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US Acts As World’s Cop Making Others Comply with Its National Laws

US Acts As World’s Cop Making Others Comply with Its National Laws

US Acts As World’s Cop Making Others Comply with Its National Laws

An anti-doping bill was introduced to Congress on June 12 to make the use or distributing drugs during international sports events a punishable crime. The act offers fines of up to $250,000 for individuals and prison sentences of up to 10 years for those who make, distribute or use banned substances at sports events including four or more US athletes and other athletes from three or more countries.

Whistleblowers that expose doping schemes will also be protected under the act. When the legislation goes into effect, any wrongdoer will be able to say he’s unfairly persecuted in his own country for exposing doping-related activities to get American protection from justice at home. And athletes from different countries will have to prove their innocence in US, not national or international, courts. Inevitably, there’ll be problems with proof making US prosecutors politicized and enjoy extended authority to get the evidence they could go upon.

So, foreign athletes will be subject to American law outside US borders. Other countries, such as Germany, France, Kenya, and Spain, have anti-doping laws but their jurisdiction is limited to national territories. “There should not be an opportunity for states to engage in misconduct,” said Representative Michael Burgess (R-TX) in his remarks during the bill’s introduction. The act actually says that US laws prevail everywhere in the world and everybody must comply. The cited justification is the unproportionally big American contribution ($2.3 million) to the World Anti-Doping Agency. Whoever pays the piper calls the tune.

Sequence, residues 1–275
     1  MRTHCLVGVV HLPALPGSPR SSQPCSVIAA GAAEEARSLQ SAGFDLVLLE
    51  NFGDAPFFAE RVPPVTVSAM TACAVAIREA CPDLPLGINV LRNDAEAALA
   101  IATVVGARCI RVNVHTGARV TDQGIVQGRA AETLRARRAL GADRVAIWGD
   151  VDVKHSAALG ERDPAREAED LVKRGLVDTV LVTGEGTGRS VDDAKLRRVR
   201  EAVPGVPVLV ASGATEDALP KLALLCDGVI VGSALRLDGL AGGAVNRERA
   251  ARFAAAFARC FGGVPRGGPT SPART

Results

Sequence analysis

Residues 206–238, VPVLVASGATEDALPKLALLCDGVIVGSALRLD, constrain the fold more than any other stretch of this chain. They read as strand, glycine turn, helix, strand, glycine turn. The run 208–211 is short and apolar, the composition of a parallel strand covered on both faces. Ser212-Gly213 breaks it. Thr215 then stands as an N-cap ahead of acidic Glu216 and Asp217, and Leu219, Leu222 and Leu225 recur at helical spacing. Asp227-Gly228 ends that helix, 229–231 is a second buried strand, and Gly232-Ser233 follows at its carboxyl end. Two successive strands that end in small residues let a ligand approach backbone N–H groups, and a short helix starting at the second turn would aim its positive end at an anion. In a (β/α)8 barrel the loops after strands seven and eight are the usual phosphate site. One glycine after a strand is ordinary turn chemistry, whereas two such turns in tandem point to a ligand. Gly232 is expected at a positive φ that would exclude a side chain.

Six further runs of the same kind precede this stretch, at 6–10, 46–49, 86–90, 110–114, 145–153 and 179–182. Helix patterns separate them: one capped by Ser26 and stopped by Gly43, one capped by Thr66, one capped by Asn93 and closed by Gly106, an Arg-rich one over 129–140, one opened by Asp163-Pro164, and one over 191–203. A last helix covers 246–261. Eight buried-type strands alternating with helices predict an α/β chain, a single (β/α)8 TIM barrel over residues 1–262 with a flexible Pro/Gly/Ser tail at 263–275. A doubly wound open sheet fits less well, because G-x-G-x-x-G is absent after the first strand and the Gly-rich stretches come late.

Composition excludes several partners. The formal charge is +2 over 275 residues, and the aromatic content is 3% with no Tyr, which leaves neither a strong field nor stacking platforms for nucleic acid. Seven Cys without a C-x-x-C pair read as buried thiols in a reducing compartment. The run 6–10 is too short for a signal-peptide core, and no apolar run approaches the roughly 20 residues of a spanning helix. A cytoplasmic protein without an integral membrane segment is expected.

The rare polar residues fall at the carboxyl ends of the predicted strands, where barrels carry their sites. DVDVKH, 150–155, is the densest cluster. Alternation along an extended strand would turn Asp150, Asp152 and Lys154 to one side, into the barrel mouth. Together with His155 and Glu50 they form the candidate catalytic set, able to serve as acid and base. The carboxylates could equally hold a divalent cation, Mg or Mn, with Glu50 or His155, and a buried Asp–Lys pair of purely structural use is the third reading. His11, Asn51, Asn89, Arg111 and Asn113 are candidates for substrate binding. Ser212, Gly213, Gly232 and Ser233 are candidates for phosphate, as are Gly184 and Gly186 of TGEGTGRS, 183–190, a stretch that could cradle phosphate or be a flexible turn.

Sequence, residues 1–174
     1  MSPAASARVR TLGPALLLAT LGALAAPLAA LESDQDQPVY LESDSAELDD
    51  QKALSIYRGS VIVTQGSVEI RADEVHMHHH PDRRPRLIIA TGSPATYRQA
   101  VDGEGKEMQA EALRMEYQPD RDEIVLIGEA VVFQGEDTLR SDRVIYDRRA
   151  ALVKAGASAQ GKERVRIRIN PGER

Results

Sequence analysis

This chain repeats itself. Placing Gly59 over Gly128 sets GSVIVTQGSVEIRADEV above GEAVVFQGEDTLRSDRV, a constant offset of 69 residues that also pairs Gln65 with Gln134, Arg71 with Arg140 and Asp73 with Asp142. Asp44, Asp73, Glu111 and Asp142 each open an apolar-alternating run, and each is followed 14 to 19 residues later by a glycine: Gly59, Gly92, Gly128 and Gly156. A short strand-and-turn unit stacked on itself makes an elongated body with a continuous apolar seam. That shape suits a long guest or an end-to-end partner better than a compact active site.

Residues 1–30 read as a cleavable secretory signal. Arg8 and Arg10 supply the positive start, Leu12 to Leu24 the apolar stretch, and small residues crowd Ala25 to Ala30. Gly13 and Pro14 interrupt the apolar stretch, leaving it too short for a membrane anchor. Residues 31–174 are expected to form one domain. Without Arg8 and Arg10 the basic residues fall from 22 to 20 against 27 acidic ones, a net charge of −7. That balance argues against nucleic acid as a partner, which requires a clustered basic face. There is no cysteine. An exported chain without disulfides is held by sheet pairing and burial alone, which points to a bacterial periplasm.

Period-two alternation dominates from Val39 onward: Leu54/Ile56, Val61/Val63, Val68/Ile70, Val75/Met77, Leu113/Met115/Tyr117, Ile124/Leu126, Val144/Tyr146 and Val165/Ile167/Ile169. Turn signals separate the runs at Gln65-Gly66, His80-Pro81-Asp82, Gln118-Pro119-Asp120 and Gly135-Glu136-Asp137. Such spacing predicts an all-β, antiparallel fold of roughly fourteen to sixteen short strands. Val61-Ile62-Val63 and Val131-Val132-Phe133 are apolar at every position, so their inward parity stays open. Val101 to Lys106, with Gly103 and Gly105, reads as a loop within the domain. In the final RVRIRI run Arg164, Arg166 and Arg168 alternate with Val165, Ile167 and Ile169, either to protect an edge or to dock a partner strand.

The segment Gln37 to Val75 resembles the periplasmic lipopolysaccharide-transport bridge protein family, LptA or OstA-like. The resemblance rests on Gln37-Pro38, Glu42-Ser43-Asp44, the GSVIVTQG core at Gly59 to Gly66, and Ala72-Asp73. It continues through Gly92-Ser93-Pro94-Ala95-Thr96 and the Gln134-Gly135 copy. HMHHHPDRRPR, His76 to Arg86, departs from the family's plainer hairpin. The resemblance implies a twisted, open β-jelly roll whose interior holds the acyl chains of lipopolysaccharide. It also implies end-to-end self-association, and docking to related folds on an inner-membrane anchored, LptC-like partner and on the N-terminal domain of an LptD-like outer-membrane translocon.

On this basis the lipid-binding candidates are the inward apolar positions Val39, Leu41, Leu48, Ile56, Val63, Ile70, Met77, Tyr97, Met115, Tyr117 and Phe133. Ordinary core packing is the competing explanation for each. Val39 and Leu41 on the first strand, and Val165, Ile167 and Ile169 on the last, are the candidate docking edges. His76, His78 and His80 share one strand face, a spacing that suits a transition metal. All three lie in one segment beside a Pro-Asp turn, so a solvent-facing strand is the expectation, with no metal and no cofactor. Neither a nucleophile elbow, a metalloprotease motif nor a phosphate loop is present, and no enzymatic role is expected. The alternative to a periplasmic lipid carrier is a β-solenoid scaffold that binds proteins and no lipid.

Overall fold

As usual, Russia is the scapegoat. The bill is named after Grigory Rodchenkov, the Russian lab director known for spreading fake stories about alleged cheating at the 2014 Sochi Olympics.

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